Broadcast senior Branlon Allen said although the Grammy Awards have disappointed him the past few years, he still looks forward to watching the show.

Recently, the Grammys have lost credibility to some viewers because of the lack of diversity in nominations in top categories such as Album of the Year.

The 61st Grammy Awards air Sunday, with singer Alicia Keys serving as this year’s host.

According to grammy.com, there are eight nominees for Album of the Year, a majority of which are from female artists, compared to the previous year with Lorde as the only female nominee. 

Finance sophomore Destiny Agulefo said that she will be watching the awards because some of her favorite female artists are being recognized.

“I feel like it’s a huge step not only just for women but black women too,” Agulefo said. “To be able to be nominated for such a huge award as Album of the Year, cause sometimes they don’t get the respect that they need.” 

Agulefo said that if the Grammys were more interactive as far as voting for the nominees, more people would tune in. 

She said she stopped watching the Grammys after Beyonce lost Album of the Year to Beck in 2015. 

“That was ridiculous. That bothered me,” Agulefo said.  

Allen is a host of UTA Radio’s “Phatz Corner.” He said that his show is an urban discussion covering topics such as celebrity news, student life and politics.

Allen said that as an aspiring radio DJ, he wants to support local artists by inviting them on his show so they can eventually be recognized in a big way.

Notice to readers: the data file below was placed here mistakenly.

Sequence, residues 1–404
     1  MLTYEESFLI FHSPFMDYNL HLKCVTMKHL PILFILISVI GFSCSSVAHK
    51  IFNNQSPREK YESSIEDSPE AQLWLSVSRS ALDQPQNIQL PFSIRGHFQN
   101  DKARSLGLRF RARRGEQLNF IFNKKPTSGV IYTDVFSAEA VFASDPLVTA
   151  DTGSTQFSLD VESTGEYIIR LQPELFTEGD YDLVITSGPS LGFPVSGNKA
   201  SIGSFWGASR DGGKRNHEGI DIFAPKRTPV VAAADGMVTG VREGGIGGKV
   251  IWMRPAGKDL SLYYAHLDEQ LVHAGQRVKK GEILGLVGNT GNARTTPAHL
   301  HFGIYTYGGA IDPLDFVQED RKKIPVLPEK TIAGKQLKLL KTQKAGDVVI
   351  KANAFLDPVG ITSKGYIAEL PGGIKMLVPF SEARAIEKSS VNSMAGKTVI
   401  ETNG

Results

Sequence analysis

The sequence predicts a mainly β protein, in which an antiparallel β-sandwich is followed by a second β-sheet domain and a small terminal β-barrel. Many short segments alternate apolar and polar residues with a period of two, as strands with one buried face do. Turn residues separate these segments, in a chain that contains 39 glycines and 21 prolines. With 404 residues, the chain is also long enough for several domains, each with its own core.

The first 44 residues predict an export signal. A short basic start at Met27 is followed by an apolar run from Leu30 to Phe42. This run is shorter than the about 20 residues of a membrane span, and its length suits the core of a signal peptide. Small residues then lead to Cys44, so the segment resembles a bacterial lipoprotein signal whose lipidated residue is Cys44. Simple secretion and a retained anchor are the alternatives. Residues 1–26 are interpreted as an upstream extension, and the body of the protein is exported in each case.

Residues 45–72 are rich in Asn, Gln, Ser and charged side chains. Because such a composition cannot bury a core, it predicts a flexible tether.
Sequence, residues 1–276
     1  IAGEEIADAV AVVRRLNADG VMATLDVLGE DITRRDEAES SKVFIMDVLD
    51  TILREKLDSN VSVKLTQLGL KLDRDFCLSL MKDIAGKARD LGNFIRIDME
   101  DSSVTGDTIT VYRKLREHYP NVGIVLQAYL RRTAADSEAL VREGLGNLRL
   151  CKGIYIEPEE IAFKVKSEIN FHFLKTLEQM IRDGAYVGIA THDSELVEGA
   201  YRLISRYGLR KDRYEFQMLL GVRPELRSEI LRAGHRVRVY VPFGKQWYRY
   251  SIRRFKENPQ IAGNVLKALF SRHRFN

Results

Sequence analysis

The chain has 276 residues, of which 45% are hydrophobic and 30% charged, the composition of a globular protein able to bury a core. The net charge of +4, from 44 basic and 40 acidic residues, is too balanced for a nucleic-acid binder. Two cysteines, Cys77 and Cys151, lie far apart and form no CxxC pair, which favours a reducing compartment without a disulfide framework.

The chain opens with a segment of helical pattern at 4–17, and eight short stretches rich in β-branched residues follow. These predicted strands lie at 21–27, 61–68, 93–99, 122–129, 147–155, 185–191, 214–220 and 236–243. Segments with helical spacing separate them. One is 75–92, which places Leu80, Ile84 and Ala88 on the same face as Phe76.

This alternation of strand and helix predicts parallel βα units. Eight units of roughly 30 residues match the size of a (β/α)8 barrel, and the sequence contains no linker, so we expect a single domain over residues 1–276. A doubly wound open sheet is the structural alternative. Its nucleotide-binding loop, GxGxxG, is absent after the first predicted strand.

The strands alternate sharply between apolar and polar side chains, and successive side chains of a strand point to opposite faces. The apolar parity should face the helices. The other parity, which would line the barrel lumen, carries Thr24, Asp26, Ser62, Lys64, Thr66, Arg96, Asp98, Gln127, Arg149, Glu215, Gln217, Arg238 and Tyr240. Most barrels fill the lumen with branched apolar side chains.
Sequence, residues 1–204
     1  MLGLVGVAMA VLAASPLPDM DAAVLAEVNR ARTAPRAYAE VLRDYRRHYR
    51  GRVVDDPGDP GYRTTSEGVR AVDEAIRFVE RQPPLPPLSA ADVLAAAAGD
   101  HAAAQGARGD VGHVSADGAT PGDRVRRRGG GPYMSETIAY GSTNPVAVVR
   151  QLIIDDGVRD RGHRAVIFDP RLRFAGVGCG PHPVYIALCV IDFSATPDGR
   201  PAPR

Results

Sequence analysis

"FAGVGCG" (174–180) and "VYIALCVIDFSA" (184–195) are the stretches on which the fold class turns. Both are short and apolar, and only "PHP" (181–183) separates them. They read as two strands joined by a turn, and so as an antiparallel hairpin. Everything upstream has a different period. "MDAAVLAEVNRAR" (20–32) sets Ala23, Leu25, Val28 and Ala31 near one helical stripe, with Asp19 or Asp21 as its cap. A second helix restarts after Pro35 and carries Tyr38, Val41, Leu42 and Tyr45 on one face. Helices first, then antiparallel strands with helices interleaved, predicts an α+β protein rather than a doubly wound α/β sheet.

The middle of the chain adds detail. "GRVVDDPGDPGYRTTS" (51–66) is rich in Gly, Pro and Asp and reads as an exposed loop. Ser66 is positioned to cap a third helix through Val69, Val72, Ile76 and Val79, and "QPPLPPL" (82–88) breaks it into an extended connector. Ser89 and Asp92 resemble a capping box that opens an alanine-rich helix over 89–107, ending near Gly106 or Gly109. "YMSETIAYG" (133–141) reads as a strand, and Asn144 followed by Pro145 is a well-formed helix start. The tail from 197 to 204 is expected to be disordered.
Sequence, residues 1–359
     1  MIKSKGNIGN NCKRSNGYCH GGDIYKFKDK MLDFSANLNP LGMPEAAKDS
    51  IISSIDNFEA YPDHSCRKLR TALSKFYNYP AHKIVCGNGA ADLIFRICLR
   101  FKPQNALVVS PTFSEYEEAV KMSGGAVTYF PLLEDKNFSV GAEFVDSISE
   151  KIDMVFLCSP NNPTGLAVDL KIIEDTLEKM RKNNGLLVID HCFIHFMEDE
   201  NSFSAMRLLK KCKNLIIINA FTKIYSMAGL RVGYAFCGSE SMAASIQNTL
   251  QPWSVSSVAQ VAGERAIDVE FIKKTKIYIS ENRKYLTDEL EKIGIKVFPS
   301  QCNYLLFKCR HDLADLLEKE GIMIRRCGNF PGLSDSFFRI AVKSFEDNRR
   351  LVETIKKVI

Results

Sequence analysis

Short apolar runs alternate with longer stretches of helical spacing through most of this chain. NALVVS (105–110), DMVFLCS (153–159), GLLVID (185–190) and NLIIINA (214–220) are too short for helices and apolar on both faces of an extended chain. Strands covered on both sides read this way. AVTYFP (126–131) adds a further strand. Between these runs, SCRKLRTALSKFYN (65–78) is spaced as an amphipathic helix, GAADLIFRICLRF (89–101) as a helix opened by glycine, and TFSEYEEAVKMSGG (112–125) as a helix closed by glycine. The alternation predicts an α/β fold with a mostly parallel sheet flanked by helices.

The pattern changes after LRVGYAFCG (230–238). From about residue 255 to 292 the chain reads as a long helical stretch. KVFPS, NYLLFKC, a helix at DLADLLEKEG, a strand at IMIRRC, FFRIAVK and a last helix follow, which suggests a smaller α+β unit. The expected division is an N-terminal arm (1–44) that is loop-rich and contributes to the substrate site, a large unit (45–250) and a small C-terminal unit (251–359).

“I really don’t want to get too excited for this year’s nominations because last year’s nominations I agreed with. But a couple people who I wanted to get there, their awards got snubbed,” Allen said.

English professor Kenton Rambsy also recognized that the Grammys might have lost some credibility with viewers because of the lack of diversity in the Album of the Year category. But he said he believes the awards show has made up for it.

Rambsy said the Album of the Year award should be an embodiment of the year as a whole. Rambsy said he looks forward to the Grammys because it’s nice to see artists being recognized for their contributions to music.

“I look forward to the Grammys, but I’ll be honest with you, I especially look forward to the Grammys when Jay-Z and Beyoncé are there,” Rambsy said.

Rambsy teaches African-American literature, including courses that examine modern-day music and how it relates to literature.

He also taught a course called Characteristics of Black Expression that looked at pop culture figures to track how they have influenced popular culture.

Rambsy said he considers hip-hop a form of black poetry and storytelling, and that some don’t realize the genre is nearly 50 years old.

“I kind of look at music as a continuation of African-American literature,” Rambsy said.

He said that although he’s noticed changes in the diversity on nominated artists, he still isn’t certain the winner will reflect that.

Allen said he is a diehard Drake fan but wouldn’t mind to see newcomer H.E.R. walk away with Album of the Year.

“It’s good now that they’re getting the recognition because opening that lane for them is gonna help local underrated artists who have, like, a different style,” Allen said.

Though the Grammys have taken the step to be more inclusive in their nomination process, Allen said he’s skeptical.

The awards show will not earn back its credibility with viewers overnight; rather than relying on the popularity of the artist alone, consider their contributions to music, Rambsy said. 

@ZariaMTurner

features-editor.shorthorn@uta.edu

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(1) comment

drj2

The Grammys are about the content of your music, not about the color of your skin or your gender. Stop basing awards on what race you agree with.

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